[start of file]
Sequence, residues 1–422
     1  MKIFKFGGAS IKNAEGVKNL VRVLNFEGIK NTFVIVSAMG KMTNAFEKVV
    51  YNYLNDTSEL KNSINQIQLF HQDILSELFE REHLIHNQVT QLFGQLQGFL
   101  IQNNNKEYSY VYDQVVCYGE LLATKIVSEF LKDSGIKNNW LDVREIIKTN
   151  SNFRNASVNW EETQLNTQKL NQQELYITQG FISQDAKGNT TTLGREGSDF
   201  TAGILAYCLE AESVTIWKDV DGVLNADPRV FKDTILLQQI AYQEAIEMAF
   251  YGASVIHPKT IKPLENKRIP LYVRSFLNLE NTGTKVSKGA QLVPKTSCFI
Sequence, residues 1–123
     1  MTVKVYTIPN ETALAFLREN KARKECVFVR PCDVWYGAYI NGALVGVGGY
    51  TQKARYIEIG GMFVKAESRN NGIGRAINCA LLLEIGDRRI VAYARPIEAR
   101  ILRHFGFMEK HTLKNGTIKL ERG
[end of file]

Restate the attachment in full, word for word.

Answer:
Sequence, residues 1–422
     1  MKIFKFGGAS IKNAEGVKNL VRVLNFEGIK NTFVIVSAMG KMTNAFEKVV
    51  YNYLNDTSEL KNSINQIQLF HQDILSELFE REHLIHNQVT QLFGQLQGFL
   101  IQNNNKEYSY VYDQVVCYGE LLATKIVSEF LKDSGIKNNW LDVREIIKTN
   151  SNFRNASVNW EETQLNTQKL NQQELYITQG FISQDAKGNT TTLGREGSDF
   201  TAGILAYCLE AESVTIWKDV DGVLNADPRV FKDTILLQQI AYQEAIEMAF
   251  YGASVIHPKT IKPLENKRIP LYVRSFLNLE NTGTKVSKGA QLVPKTSCFI
Sequence, residues 1–123
     1  MTVKVYTIPN ETALAFLREN KARKECVFVR PCDVWYGAYI NGALVGVGGY
    51  TQKARYIEIG GMFVKAESRN NGIGRAINCA LLLEIGDRRI VAYARPIEAR
   101  ILRHFGFMEK HTLKNGTIKL ERG